A Department of Homeland Security test program to have U.S. employers verify all new hires against a central database to verify employment eligibility and immigration status will help cut down on illegal immigration, said Robert Divine, acting deputy director of Citizenship and Immigration Services.
The Basic Pilot program, which began in 1997 and has been expanded ever since, is currently a voluntary program in which employers can verify the immigration and employment eligibility of workers they hire, and the Bush administration has called for the program to become mandatory.
“Today, an illegal immigrant with a fake ID and Social Security card can find work almost anywhere in the country without difficulty. It’s the prospect of jobs that leads people to risk their lives crossing a hundred miles of desert,” Divine testified before a Congressional subcommittee Tuesday.
Once made mandatory, the system, which will be known as the Employment Eligibility Verification System, will encompass virtually every U.S. employer and employee, and could be up and running in as little as two years, Divine said.
The system works by verifying the worker’s Social Security number, and in the case of immigrants, a DHS-issued alien registration number, against DHS and Social Security Administration databases. In most cases, eligibility is either confirmed or denied immediately.
However, in 12 percent of cases involving the Social Security number and 19 percent of cases involving the alien registration number, the system can’t currently verify the information immediately. In these cases, the employee must contact DHS or SSA within eight days to straighten out the situation or risk losing the job or having immigration enforcement actions initiated.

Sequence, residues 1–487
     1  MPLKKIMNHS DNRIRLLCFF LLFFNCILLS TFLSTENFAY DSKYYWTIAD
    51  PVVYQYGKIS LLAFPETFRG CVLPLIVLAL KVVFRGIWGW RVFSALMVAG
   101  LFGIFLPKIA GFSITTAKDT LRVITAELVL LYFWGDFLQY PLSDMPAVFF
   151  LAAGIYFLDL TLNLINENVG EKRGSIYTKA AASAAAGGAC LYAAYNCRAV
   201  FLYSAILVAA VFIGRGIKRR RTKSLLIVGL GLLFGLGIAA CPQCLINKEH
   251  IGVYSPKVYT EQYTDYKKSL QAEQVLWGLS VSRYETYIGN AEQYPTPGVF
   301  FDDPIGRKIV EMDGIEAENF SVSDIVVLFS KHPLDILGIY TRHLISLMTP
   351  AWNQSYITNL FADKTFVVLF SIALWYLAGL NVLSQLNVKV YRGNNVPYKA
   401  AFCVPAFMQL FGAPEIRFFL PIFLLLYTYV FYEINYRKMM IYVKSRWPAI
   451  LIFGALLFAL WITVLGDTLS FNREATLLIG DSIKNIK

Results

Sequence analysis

“USCIS will forward enforcement leads to [Immigration and Customs Enforcement] Worksite Enforcement in accordance with referral procedures developed with ICE,” Divine said.
But with an accuracy of 98% on its best days, and the huge number of verifications which will go through the system, actually performing the worksite enforcement could be a challenge.
“You’re talking about a huge investigatory effort,” said one Customs and Border Protection management official. He said he anticipates a huge jump in CBP’s workload if the verification system is fully implemented nationwide. . . .
Rep. Ken Calvert, R-Calif., who testified at the subcommittee hearing as both an advocate of stricter immigration regulations and as a former business owner, expressed concern that inaccuracy could increase as the pilot grows to cover millions of businesses.
“If you expand the program very quickly, that may affect accuracy,” he said. “No program will ever be perfect.” — Government Executive
Michael Ostrolenk, national director for the Liberty Coalition, said that the program amounts to a “dangerous new national identity database system and firmly establishes the predicate for a new national ID card system.”
“Even setting aside concerns of intentional ‘blacklisting’ of innocent Americans, even a small error rate could mean millions of Americans forced out of work by computer mistakes,” he said. “Homeland Security has a poor record of putting innocent Americans on secretive ‘no-fly’ lists, and should not be entrusted with determining who is allowed is to make a living in this country.”